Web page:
Biomolecules & Therapeutics 2022; 30(5): 473-478  https://doi.org/10.4062/biomolther.2022.088
Involvement of IKK/IkBα/NF-kB p65 Signaling into the Regulative Effect of Engeletin on MUC5AC Mucin Gene Expression in Human Airway Epithelial Cells
Rajib Hossain1,2,†, Kyung-il Kim1,2,†, Xin Li1,2, Hyun Jae Lee3,* and Choong Jae Lee1,2,*
1Department of Pharmacology, School of Medicine, Chungnam National University, Daejeon 35015,
2Brain Korea 21 FOUR Project for Medical Science, Chungnam National University, Daejeon 35015,
3Smith Liberal Arts College and Department of Addiction Science, Graduate School, Sahmyook University, Seoul 01795, Republic of Korea
E-mail: hjy1213@syu.ac.kr (Lee HJ), LCJ123@cnu.ac.kr (Lee CJ)
Tel: +82-2-3399-1909 (Lee HJ), + 82-42-580-8255 (Lee CJ)
Fax: +82-2-3399-1909 (Lee HJ), + 82-42-585-6627 (Lee CJ)
The first two authors contributed equally to this work.
Received: June 30, 2022; Revised: July 21, 2022; Accepted: August 1, 2022; Published online: August 22, 2022.
© The Korean Society of Applied Pharmacology. All rights reserved.

This is an Open Access article distributed under the terms of the Creative Commons Attribution Non-Commercial License (http://creativecommons.org/licenses/by-nc/4.0/) which permits unrestricted non-commercial use, distribution, and reproduction in any medium, provided the original work is properly cited.
Abstract
In this study, we examined whether engeletin exerts an effect on the gene expression of MUC5AC mucin, in human pulmonary epithelial NCI-H292 cells. The cells were pretreated with engeletin for 30 min and stimulated with phorbol 12-myristate 13-acetate (PMA), for the following 24 h. The effect of engeletin on PMA-induced nuclear factor kappa B (NF-kB) signaling pathway was also investigated. Engeletin suppressed the mRNA expression and production of MUC5AC mucin, induced by PMA through the inhibition of degradation of inhibitory kappa Bα (IkBα) and NF-kB p65 nuclear translocation. These results suggest engeletin inhibits the gene expression of mucin through regulation of NF-kB signaling pathway, in human airway epithelial cells.
Keywords: MUC5AC, Pulmonary mucin, Engeletin
INTRODUCTION

Mucus in the pulmonary system is a thin layer of gels present in the luminal surface of airway. It consists of various molecules, ions, water, and those molecules exert anti-oxidative and anti-microbial activities (Lillehoj and Kim, 2002). Mucins (mucous glycoproteins) assigning mucus the viscoelasticity is the major macromolecular biochemical constituent of mucus. In the physiological conditions of the pulmonary system, mucus in the airway is well-known to play a critical role in a physical defense against damage of pulmonary epithelium, provoked by irritating gases, inhaled particles, and many viruses and bacteria (Adler and Li, 2001). However, the overproduction and/or oversecretion of airway mucus resulting from the changes in quantity or quality of mucins have been reported to compromise the host defense system and, eventually, provoke the increase of mortality and morbidity, in the pulmonary diseases like asthma, chronic obstructive pulmonary diseases (COPD), and cystic fibrosis (CF) (Rose and Voynow, 2006).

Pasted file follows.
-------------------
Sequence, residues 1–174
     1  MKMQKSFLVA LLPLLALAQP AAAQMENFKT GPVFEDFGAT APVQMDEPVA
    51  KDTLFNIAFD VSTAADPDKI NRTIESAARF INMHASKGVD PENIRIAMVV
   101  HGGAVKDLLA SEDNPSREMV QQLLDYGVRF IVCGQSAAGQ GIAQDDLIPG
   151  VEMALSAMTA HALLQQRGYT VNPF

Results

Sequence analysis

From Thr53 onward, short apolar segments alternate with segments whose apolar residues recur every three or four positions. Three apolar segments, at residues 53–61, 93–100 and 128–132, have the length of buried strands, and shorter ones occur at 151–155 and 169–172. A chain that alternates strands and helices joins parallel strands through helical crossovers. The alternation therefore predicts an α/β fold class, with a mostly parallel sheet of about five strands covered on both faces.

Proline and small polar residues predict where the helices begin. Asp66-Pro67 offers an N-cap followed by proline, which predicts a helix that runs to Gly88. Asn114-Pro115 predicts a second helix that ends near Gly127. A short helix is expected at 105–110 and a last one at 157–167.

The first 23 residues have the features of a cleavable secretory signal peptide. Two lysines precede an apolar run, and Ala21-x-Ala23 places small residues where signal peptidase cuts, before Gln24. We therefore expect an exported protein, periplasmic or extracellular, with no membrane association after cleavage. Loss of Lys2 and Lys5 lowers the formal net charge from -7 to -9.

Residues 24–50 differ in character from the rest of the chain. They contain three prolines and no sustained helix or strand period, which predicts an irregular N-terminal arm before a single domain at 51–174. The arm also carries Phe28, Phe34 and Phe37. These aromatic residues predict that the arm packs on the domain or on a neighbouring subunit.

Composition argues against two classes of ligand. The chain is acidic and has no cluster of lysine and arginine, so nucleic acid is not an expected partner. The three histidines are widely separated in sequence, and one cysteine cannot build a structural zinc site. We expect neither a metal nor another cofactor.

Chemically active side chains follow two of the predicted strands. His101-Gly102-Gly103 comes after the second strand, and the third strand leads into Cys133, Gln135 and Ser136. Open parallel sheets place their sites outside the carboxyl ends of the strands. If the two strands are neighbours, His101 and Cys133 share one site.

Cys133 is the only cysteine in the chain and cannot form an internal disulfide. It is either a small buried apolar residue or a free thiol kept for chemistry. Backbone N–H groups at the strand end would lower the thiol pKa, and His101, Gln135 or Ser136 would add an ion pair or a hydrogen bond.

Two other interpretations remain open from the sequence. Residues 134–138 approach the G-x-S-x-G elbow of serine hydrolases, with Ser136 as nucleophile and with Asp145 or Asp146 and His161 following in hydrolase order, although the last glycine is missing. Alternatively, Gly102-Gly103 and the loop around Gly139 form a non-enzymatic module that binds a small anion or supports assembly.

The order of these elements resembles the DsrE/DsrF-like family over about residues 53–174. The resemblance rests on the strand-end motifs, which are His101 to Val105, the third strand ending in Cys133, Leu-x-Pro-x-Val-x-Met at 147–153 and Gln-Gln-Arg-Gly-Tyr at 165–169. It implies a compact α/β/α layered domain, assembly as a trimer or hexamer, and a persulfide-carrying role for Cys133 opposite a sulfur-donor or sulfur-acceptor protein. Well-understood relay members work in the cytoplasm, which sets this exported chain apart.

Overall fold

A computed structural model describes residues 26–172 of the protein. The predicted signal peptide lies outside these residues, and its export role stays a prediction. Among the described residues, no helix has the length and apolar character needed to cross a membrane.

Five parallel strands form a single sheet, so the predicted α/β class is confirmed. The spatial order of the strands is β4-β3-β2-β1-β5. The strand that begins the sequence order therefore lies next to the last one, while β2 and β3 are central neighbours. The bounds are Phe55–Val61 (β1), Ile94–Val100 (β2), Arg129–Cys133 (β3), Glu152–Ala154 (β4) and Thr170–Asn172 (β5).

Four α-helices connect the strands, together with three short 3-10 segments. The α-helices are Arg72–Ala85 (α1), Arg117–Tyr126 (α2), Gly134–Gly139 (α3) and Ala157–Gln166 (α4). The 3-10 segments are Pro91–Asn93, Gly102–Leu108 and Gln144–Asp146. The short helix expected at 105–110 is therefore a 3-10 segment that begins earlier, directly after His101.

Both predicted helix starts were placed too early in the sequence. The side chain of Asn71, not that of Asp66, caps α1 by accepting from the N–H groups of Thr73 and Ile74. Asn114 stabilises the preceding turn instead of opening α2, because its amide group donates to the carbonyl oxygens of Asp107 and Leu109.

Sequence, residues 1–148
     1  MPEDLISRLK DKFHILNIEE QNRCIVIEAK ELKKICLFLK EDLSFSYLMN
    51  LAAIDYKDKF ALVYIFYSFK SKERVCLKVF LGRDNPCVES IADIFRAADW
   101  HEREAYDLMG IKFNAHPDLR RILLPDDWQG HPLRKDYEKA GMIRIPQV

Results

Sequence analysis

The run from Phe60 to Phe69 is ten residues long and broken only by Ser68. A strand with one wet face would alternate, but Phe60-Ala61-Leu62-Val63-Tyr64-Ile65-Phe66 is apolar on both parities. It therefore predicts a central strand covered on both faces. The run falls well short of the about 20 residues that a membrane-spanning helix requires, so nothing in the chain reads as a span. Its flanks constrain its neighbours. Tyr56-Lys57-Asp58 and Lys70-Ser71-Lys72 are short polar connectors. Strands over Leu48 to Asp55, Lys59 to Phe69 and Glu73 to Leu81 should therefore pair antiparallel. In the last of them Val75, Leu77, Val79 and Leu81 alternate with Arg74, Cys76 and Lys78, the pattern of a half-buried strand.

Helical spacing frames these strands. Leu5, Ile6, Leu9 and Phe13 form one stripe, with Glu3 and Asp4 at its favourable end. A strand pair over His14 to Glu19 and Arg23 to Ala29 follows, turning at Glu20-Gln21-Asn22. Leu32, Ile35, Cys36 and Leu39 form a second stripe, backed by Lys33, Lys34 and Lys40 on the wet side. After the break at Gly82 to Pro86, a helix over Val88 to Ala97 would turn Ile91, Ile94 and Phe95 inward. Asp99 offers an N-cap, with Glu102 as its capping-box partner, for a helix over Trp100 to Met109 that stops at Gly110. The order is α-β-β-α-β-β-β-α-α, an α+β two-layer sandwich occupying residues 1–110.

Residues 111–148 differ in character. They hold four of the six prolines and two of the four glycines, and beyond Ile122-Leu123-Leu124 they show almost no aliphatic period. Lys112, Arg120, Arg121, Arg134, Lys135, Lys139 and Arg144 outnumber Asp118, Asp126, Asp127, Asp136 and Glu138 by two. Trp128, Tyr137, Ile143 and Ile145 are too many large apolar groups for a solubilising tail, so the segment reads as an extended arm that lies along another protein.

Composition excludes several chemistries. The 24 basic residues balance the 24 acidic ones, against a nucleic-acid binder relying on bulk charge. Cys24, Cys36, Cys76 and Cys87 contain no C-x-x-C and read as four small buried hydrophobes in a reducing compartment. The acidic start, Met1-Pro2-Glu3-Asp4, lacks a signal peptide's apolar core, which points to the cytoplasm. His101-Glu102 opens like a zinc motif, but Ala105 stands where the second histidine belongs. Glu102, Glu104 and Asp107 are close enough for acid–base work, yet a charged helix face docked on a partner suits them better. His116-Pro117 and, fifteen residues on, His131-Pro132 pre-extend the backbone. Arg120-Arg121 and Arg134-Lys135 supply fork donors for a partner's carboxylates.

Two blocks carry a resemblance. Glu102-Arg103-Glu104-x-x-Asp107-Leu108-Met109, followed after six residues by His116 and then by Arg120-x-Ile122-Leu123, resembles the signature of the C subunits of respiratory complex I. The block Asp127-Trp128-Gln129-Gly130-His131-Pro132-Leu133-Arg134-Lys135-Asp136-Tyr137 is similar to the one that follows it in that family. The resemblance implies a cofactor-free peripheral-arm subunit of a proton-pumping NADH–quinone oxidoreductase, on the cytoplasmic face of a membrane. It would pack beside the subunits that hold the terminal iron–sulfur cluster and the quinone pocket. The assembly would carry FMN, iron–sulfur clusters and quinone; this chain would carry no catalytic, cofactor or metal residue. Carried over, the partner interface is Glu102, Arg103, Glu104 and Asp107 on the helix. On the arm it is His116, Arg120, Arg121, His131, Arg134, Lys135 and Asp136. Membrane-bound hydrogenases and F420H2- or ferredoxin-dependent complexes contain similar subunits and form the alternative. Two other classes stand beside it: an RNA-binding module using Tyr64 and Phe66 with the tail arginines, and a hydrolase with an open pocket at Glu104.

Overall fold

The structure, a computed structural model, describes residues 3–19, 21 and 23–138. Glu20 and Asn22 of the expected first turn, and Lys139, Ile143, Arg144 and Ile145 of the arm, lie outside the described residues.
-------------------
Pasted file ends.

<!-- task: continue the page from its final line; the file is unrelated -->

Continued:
Although glucocorticoids, expectorants, and mucolytics have been utilized clinically to regulate the abnormal secretion of pulmonary mucus, these agents might provoke the irritation of luminal wall of airway, and various negative side effects like the rebounding hypersecretion of mucus (Li et al., 2020). Therefore, it is very promising to develop a novel agent controlling the production and/or secretion of mucins through affecting the degradation and/or biosynthesis of them.

In this context, we suggest it is encouraging to examine the potential activity of regulating the pathological production and/or secretion of mucins, using natural products isolated from a multitude of medicinal plants used empirically for controlling the inflammatory pulmonary diseases. We have reported that diverse natural compounds modulated the production of airway mucous glycoprotein (mucin), resulting from its gene expression (Kim et al., 2012; Seo et al., 2014; Choi et al., 2019; Li et al., 2021).

In accordance with many reports, Engeletin (Fig. 1) is a flavonoid compound contained in the leaves of Engelhardia roxburghiana and white grapes. Engeletin has been reported to show various biological activities including anti-inflammatory effect (Wu et al., 2016; Tian et al., 2019). Engeletin exerts moderate inhibitory activity on TNF-α-provoked NF-κB activation (Xu et al., 2005). It exhibits a protective effect on LPS-stimulated liver injury via decreasing the level of IL-1β, TNF-α, as well as the activation of NF-κB (Tian et al., 2019). In acute lung injury (ALI), engeletin significantly inhibits the expression of cytokines including TNF-α, IL-6, and IL-1β, in the BALF, and also reversed LPS-stimulated activation of NF-κB (Jiang et al., 2018). Besides, engeletin attenuates the NF-κB p65 nuclear translocation in the LPS-induced endometritis mouse model (Wu et al., 2016).